Tuesday, May 3, 2011

Gone with the ending

Book-to-movie adaptations. When I say that line does it make your skin crawl, or does it put a smile on your face? For me it can really go either way.

Right now, I'm reading Little Women (I told you I would!) and pieces of the movie keep floating back to me. It's been a long time since I've seen the movie so I don't really know how close it is to the book, but I remember quite a few of the scenes I have read being in the movie.

Which makes me think about which book-to-movie adaptations have failed or prospered.

Unlike most people my age, I read "Gone With the Wind" before I saw the movie. When I finished it I was depressed for three weeks straight. Margret Mitchell gives you no hope of Scarlett ever finding happiness. In fact the entire book she makes you believe that one day Scarlett will figure it all out and make a life for herself, but it never happens. You leave the book with zero hope for Scarlett's future.

It was only a couple of weeks ago that I watched the movie. I was bracing myself to feel the awful pain I felt when I finished the book. The movie was very close what I had read, so I expected the ending to be true. But it wasn't, Scarlett, out of nowhere, gets a positive attitude. She will make the best of things, which is hardly true to her character.

It surprised me, but I was glad. I wanted to hold onto that hope. Then I could stop worrying about what happened to Scarlett forever. Because even if the ending wasn't true, it made sense that she would do those things, even if she didn't think of them in that moment of utter loss.

Then I thought of how I would feel if someone took my book and changed the ending. The ending is the part where you hang everything you have just written. It tells the reader what the story is really about. I'm sure Margret Mitchell wasn't happy.

How about you? Is there a book-to-movie adaptation that you thought was terrible? What about one you liked? Would you go see a movie if you knew it wasn't true to the book? What if it was your own book? I need movies for my Netflix list, so I want to hear about every. single. one.

P.S. the worst book-to-movie adaptation ever - Percy Jackson. The Best - 6 hour Pride and Prejudice.


Scott Niven said...

My son (who is now 10) had his first experience with this last Fall. He had read the first few Owls of Ga'Hoole books, and was excited to go see the movie for his birthday. But he ended up hating the movie because they changed so much and it wasn't anything like the book. I told him that's what usually happens, although not always (hello, LOTR!).

J. A. Bennett said...

Seriously, I was so disappointed in the first Harry Potter movie (I was 17) because I expected every single line to be shown, ha! Your son will figure it out, and maybe even like the movies eventually.

Michelle said...

My kids and I got really into the "How to Train your Dragon" movie. The whole family even went as Vikings for Halloween. So, we read the book and it was nothing like the movie!! I also was upset when they changed the end of, oh crud, I can't remember the name now, but it was the. . . crap! I can't even think of the author's name now! LOL The author who always writes the legal suspense novels and the movie with Tom Cruise??? They totally changed the end of it in the movie. Good Luck with all of your writing. Following you now from the voiceBoks.com bloghop!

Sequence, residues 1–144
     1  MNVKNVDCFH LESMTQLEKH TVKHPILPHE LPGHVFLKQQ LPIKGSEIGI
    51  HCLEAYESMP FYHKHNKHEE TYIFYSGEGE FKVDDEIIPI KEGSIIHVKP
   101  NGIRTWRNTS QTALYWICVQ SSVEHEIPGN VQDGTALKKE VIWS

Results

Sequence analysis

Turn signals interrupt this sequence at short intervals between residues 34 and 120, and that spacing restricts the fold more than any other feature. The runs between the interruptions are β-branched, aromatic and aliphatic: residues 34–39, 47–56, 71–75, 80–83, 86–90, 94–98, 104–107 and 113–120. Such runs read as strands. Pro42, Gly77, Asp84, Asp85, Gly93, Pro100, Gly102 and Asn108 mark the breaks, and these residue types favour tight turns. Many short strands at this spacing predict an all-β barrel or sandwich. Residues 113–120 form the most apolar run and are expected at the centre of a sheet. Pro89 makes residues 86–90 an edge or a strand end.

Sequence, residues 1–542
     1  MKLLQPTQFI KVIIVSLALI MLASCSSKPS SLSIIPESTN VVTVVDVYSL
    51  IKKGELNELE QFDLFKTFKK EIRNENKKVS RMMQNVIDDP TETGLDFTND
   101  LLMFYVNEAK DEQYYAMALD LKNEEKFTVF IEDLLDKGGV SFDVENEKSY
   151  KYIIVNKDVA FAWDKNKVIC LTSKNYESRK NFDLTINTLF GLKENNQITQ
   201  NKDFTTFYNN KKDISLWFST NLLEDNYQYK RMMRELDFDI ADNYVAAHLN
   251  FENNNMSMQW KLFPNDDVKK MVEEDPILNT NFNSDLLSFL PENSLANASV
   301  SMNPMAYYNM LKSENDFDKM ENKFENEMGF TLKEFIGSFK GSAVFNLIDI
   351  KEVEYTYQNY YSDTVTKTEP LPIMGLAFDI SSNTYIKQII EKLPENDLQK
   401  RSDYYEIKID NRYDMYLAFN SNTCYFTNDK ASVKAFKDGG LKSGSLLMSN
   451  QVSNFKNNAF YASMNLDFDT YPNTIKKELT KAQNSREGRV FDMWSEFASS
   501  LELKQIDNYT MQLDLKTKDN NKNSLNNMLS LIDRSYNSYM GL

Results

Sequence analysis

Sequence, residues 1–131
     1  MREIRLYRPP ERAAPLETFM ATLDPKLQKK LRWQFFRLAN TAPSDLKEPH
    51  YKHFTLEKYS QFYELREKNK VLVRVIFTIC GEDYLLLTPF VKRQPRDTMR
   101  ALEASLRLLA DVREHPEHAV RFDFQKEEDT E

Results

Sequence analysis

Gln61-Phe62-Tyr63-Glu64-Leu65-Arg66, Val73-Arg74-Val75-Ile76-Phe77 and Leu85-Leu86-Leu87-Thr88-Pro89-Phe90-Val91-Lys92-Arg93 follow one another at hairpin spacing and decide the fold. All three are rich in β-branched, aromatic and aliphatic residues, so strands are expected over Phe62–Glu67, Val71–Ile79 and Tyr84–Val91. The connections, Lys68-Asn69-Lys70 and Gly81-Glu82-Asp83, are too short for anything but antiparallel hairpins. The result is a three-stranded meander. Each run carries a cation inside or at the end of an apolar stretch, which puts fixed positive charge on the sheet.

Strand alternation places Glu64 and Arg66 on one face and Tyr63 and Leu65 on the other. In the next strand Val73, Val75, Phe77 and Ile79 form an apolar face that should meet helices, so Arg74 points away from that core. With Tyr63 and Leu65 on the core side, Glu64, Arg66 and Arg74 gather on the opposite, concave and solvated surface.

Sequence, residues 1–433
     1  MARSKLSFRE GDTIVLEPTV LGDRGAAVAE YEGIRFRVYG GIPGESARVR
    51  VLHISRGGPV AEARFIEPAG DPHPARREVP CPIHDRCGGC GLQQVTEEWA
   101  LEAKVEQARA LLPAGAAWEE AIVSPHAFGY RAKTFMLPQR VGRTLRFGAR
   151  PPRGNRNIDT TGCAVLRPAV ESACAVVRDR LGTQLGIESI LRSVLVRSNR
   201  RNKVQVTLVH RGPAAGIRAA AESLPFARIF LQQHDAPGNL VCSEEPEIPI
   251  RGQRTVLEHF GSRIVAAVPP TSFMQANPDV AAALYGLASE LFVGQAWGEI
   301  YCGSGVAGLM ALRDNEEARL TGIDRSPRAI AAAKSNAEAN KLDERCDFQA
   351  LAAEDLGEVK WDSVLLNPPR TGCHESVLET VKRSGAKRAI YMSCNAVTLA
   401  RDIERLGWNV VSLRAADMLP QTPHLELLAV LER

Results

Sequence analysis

J. A. Bennett said...

Michelle - Tom Clancy maybe? I also really liked How to Train your Dragon, I wasn't aware there was book that went along with the movie. I probably won't read it so I can still like the movie, lol! Thanks for following!

Amanda said...

I'm too much of a book lover and so I am basically allergic to book-to-movie adaptations. I rarely even watch one! I just can't stand how much gets left out. Funnily enough I can spend many hours of my life reading a book but I tend to fall asleep about one hour in to practically any movie. I guess I'm just a book nerd!
(Rewinding from the Fibro!)

Catherine said...

I like both books and movies so I've seen my share of good and bad. Most recently, I thought Eat Love Pray was a stupid movie but I loved the book. I also watched Under the Tuscan Sun and then read the book and was stymied at how different they were!

As for well done- Out of Africa is one of the most beautiful movies ever and it is faithful to the book (if not to actual events). On the fun side Devil Wears Prada is very close to the book-AND fun to watch!

Visiting from the Fibro

Maxabella said...

Fried Green Tomatoes at the Whistle Stop Cafe. Book was okayish, movie was leaping-up fabulous.

Great post, Jen. I'm a book and a movie lover and you're right - it can go either way. x

therhythmmethod said...

I loved Eat Pray Love the book, but the movie was pretty disappointing. Julia Roberts didn't make a convincing Elizabeth Gilbert IMO.
I loved What's Eating Gilbert Grape. I read the book in my teens, and I loved both versions. Plus, it has Johnny Depp ... what's not to love?
I think the difference is, there is so much money invested in producing and distributing a film, the ending must be rounded and positive and have a 'Hollywood' ending. Audiences want to feel uplifted. Books on the other hand, there is no obligation to do this. Books are more of an art form in this sense, where the story stays true to the intent of the author.
I really want to read Gone With the Wind now.
Great post.

Life In A Pink Fibro said...

Generally, I prefer the book. But that's because I can imagine the whole thing to be any way I want. As soon as I see a movie, I'm seeing someone else's version of the book - and that's before they start changing things around.

Thanks for Rewinding at the Fibro.